Shiaba

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View looking west over Shiaba towards Carsaig Arches

Shiaba (Scottish Gaelic: Siaba) is a ruined township located on the southwestern peninsula of the Isle of Mull, Scotland. It lies about 8 km to the east of the village of Bunessan, beyond Loch Assapol and Scoor House. It was awarded the status of Scheduled monument in 1993 due to its significance as a source of information about 18th and 19th century rural life in Scotland.[1]

Etymology[edit]

The name Shiaba is derived from the Gaelic Sia Ba meaning "six cows", a reflection of the area's relative fertility in comparison to other parts of the Ross of Mull. This reputation appears to have been backed up by the findings of the Napier Commission of 1883.[2]

History[edit]

Mull as shown in Bleau's Atlas of Scotland, 1654. Shiaba (as 'Shaback') can be found towards the bottom left on the Ross of Mull (Ros-y)

The township first appears by the name Shiaba in written records in 1779, though it is thought likely that its existence predates this.[1] A possible earlier reference can be found in Bleau's Atlas of Scotland, 1654, which depicts the settlement of 'Shaback' in the approximate location of Shiaba.

While the community initially operated using the runrig agricultural system, around 1804 it had changed into a crofting community with fixed areas of land attached to each croft.[3] It is likely that this change was at least partially driven by a policy of 'Modernisation' carried out by the landowner the Duke of Argyll, as it was believed this system would generate greater incomes for the inhabitants allowing for greater rents to be charged.[4]

At its height the settlement included a School, two corn-drying kilns, one if not two horizontal watermills, around 12 dwellings built in the typical local-fashion with rounded-corners, as well as other agricultural structures including byres, peat-drying stacks, and possibly a small chapel.[1] The remains of most of these buildings are still clearly visible. The population in the mid-1800s was around 130.[5]

The clearance of the settlement began in 1845 when the Duke of Argyll issued the residents with an eviction notice. The literate and articulate response of those inhabitants who wished to remain is well-documented.[6][7] However, in 1847 almost all the inhabitants were removed, with some relocating to other areas of the Ross of Mull while others were encouraged to go overseas. A contributing factor to the clearance of the village was the hardship experienced by the people of Shiaba following the failure of the potato crop in 1846 which gave support to the landlord's arguments that removal was in their best interests.[8]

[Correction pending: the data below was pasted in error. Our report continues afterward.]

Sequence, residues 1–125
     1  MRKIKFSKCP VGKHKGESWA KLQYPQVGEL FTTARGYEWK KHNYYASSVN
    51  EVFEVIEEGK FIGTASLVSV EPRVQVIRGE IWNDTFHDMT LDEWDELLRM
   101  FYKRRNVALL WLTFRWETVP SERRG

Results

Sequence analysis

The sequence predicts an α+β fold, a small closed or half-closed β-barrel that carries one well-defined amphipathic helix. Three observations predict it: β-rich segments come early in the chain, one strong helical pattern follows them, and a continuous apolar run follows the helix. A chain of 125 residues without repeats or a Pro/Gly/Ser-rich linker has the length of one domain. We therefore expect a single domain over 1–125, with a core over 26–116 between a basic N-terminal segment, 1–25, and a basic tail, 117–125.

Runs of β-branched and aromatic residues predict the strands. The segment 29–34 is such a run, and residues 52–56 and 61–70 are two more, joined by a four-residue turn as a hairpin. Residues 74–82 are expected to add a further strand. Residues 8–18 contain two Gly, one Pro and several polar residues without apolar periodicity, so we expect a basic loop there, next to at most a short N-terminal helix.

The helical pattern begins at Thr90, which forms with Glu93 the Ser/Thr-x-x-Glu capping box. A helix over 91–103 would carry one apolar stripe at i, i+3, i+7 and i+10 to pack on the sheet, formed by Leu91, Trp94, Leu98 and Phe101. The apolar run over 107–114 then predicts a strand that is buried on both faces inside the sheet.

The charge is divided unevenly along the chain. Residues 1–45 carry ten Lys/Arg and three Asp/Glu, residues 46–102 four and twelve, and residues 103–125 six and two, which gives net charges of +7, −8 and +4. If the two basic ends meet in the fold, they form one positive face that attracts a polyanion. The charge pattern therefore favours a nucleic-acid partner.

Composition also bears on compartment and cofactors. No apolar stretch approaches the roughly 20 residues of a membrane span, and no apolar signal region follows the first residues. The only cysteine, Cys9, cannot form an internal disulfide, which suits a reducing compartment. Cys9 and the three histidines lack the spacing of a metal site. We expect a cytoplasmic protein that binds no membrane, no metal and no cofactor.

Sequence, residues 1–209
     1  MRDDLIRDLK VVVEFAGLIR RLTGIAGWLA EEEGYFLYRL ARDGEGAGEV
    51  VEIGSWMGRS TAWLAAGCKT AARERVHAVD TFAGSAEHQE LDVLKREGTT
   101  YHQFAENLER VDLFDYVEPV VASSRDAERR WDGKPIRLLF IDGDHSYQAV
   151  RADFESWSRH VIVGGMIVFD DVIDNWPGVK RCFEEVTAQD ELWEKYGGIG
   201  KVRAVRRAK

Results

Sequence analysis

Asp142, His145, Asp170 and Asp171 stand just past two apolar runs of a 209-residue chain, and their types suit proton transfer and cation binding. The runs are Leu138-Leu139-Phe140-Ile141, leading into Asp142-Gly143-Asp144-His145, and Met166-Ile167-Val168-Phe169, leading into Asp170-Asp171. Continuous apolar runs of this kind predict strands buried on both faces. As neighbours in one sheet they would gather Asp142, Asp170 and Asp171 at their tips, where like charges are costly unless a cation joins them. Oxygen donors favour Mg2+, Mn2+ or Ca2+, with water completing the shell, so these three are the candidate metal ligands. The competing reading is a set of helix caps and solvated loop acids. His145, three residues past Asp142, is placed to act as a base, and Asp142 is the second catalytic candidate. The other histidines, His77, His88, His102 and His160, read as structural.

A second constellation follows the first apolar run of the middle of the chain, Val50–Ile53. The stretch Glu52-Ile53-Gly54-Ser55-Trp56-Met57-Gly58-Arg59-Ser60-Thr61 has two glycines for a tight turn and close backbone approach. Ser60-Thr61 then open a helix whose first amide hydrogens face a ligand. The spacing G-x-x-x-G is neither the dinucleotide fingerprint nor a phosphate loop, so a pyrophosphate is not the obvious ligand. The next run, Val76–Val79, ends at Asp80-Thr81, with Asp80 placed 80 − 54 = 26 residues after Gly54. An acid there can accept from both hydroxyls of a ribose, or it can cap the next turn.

According to the 1871 census only a single shepherd and his family remained, tending a flock and managing 92 hectares of land. This dwelling too was vacated in 1937 following severe storm damage and the township was finally abandoned entirely.[9]

A notable resident of Shiba was the Gaelic poet Mary MacLucas, author of the gaelic hymn Leanabh an àigh (Child in a Manger).[10] The tune of this piece later became famous as the melody to the more widely known hymn Morning Has Broken.

Designation as a Scheduled Monument[edit]

The remains of the settlement were given Scheduled Monument designation by Historic Scotland on 5 March 1993. The decision was made on the grounds that it was of national importance as a well-preserved and documented settlement showing the evolution from a pre-crofting to a crofting economy, and which therefore has the potential to provide information about the Scottish rural economy and society in the eighteenth and nineteenth centuries.[1]

Coordinates: 56°17′48″N 6°08′32″W / 56.296543°N 6.142084°W / 56.296543; -6.142084

References[edit]

  1. ^ a b c d "Shiaba, Scheduled Monument Designation". Historic Environment Scotland. Retrieved 3 January 2016.
  2. ^ Ross of Mull Historical Centre (2004) Discover The Ross..., p. 52. Bunessan, Ross of Mull Historical Centre
  3. ^ "Shiaba". Mull Historical and Archeological Society. Retrieved 3 January 2016.
  4. ^ "The History of 'Tireragan' Township, Ross of Mull by Carol Riddell (pg 10)" (PDF). Highland Renewal, Scottish Charity 1233456. Retrieved 3 January 2016.
  5. ^ "Shiaba". Mull Historical and Archeological Society. Retrieved 3 January 2016.
  6. ^ Ross of Mull Historical Centre (2004) Discover The Ross..., p. 52. Bunessan, Ross of Mull Historical Centre
  7. ^ "Shiaba: The story of a cleared village". The Scotsman. 8 June 2005. Retrieved 3 January 2016.
  8. ^ Ross of Mull Historical Centre (2004) Discover The Ross..., p. 52. Bunessan, Ross of Mull Historical Centre
  9. ^ "Shiaba". Mull Historical and Archeological Society. Retrieved 3 January 2016.
  10. ^ "Shiaba: The story of a cleared village". The Scotsman. 8 June 2005. Retrieved 3 January 2016.